What makes a successful relationship? We might answer with commitment, quality time, unconditional love, or good communication. While all these things are important, let’s explore one aspect of communication that goes beyond the words we speak or don’t speak: paying attention to the subtle emotional reactions, the fine details we observe in each other.
When I think about attention to detail, my accountant comes to mind. To be a successful accountant one must have accuracy, correct number placement, and pay attention to every decimal- they all matter. Very tiny details make a big difference to the outcome. What if my accountant didn’t pay attention to detail, made little errors that became big mistakes and then told me ‘Don’t worry about it’ or said ‘It’s no big deal’. This would not suffice for anyone- no way. I want to know exactly what is happening, why, and what outcomes to expect. It’s my financial welfare at stake and I’ll have to live with the consequences that are to come. Therefore, I choose to work with an accountant who is mindful of the details, communicates problems when they arise and works to find a solution.
Another example of paying attention to detail is when I have delegated the chore of dishwashing to my children. I am not ok with greasy residue left on my pots and pans or when unloading the dishwasher I find ‘leftovers’ on the clean dishes. I don’t say “good enough” or “at least it’s sterilized!” Well, actually… It depends on how busy we are that day!
It’s similar in relationships when it comes to how we communicate our emotions and the care, patience, and attention to details we offer to our spouse or partner. Attention to the subtle details like facial expressions, body language, and tone of voice, really matter! Unfortunately, we often tell ourselves “it was nothing”, “no big deal, no problem”, or we tell our partner, “Why do you always make mountains out of molehills? Just let it go already!” I believe that if we took care and gave attention to the small “molehills” that pop up daily, they would not grow into insurmountable “mountains”.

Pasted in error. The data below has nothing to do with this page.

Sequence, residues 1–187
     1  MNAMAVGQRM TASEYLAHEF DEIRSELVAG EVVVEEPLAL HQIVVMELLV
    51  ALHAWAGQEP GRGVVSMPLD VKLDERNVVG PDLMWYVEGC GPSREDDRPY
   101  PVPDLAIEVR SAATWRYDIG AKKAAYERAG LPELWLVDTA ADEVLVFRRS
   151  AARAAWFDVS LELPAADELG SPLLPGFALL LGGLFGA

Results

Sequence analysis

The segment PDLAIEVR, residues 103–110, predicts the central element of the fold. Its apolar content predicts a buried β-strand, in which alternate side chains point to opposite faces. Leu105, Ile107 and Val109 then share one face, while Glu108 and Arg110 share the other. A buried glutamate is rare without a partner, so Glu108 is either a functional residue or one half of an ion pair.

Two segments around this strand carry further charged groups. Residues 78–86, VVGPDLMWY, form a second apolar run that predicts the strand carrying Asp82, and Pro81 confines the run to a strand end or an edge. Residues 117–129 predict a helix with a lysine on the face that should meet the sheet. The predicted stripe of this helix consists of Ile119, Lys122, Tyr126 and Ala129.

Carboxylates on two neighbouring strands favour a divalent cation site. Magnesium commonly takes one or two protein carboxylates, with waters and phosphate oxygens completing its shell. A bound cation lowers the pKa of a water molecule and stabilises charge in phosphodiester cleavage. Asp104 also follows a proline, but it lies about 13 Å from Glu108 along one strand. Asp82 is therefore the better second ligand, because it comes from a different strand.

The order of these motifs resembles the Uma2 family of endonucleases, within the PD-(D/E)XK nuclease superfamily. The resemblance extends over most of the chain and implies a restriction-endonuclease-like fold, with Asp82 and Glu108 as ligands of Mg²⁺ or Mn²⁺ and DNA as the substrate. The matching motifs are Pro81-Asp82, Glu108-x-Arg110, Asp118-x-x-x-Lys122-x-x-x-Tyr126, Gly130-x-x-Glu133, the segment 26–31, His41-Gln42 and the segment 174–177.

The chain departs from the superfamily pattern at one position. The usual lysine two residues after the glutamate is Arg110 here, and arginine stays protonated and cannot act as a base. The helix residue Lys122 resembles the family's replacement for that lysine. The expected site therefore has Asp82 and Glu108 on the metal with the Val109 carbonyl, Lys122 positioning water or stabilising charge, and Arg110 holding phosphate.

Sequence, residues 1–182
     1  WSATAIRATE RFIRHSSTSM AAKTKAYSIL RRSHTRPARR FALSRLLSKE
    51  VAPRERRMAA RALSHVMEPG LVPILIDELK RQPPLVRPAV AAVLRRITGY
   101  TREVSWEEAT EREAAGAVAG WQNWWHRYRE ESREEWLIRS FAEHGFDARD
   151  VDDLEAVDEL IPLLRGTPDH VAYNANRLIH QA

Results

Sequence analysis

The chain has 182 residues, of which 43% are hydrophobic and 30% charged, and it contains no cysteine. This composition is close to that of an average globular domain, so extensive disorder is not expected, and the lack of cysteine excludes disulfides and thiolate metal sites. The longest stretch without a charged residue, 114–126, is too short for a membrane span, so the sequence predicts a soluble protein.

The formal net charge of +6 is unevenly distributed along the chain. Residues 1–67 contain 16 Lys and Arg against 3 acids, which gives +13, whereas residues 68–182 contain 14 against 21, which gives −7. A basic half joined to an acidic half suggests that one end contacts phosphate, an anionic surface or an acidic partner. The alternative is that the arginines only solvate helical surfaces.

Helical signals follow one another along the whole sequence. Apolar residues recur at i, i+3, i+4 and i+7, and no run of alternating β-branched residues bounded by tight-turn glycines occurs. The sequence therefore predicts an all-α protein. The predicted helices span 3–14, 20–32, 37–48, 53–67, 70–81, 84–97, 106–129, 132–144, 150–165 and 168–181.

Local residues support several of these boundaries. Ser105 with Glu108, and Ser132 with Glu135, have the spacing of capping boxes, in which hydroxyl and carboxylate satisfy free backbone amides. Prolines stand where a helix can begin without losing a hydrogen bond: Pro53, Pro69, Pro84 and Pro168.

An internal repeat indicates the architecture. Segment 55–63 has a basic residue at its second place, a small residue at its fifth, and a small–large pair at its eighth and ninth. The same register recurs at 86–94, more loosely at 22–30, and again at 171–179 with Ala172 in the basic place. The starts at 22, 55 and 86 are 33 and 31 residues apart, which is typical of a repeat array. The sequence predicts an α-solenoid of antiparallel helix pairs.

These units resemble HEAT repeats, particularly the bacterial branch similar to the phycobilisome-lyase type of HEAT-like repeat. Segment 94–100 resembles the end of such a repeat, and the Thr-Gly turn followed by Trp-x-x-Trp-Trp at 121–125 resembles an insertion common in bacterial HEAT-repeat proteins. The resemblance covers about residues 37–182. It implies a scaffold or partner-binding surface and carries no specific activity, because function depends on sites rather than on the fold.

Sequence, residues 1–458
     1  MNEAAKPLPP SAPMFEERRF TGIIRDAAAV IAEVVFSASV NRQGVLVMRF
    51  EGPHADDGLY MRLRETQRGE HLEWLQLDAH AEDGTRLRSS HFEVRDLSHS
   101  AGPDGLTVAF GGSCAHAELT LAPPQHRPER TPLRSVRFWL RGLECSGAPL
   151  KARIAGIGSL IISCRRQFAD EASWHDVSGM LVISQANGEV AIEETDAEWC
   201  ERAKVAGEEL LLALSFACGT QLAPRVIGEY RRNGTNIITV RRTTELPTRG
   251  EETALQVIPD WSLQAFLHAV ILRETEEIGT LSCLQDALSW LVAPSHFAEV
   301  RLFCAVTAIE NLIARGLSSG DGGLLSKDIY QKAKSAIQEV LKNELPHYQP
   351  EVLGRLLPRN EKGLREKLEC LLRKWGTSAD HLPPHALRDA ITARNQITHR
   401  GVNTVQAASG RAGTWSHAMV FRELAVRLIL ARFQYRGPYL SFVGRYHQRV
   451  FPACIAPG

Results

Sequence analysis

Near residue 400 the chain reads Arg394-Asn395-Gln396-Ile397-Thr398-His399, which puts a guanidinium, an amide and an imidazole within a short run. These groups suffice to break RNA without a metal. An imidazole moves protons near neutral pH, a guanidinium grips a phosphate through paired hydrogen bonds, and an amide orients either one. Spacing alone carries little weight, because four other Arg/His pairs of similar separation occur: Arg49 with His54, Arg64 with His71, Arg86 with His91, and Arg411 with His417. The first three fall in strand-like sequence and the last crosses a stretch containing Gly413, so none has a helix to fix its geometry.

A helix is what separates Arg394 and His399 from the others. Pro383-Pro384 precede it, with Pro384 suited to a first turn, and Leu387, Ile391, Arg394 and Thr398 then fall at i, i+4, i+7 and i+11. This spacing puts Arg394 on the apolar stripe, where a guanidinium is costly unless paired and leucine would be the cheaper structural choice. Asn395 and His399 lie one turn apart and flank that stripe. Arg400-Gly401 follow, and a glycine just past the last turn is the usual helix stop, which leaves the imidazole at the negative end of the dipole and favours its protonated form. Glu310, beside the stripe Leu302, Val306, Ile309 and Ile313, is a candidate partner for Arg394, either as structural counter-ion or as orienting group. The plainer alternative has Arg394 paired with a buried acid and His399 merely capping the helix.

Here’s an example of how this plays out, a husband and wife are talking about an upcoming anniversary trip. She’s disappointed because her hopes for the weekend seem less important to him. Rather than telling him she feels disappointed and unimportant to him, she shrugs her shoulders and with pursed lips says “sounds good”, and then she turns away. Her body language is saying something completely opposite of her language. Her husband could choose to go with her words to avoid conflict, or, he could address the “molehill” that just popped up by engaging with his wife and exploring the message her body language is sending. It might sound like, “Honey, I hear you saying our plans sound good to you, but I noticed some tension and you looked away- how are you feeling about our trip this weekend?” Attention to the small details communicates to his wife, “I see you, I hear you, I care about you” and will prevent animosity and tension from accumulating into something bigger, a mountain, later.
One of our goals in couples counseling is to help you slow down the conversation- addressing the many molehills that have grown into mountains. You will learn to discern what to let go of & what to give attention to, allowing you to enjoy life with your most significant person again.